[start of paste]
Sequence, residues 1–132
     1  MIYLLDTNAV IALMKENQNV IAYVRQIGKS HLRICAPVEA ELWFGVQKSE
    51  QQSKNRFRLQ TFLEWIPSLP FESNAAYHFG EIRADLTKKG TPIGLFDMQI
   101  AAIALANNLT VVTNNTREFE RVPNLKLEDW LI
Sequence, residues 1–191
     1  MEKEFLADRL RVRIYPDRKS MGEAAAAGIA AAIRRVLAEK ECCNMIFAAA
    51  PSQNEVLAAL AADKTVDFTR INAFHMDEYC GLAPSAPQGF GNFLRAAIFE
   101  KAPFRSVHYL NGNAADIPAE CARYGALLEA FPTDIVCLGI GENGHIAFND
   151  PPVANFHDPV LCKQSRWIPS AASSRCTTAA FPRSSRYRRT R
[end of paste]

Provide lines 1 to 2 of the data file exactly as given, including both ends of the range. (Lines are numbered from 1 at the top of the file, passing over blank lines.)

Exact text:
Sequence, residues 1–132
     1  MIYLLDTNAV IALMKENQNV IAYVRQIGKS HLRICAPVEA ELWFGVQKSE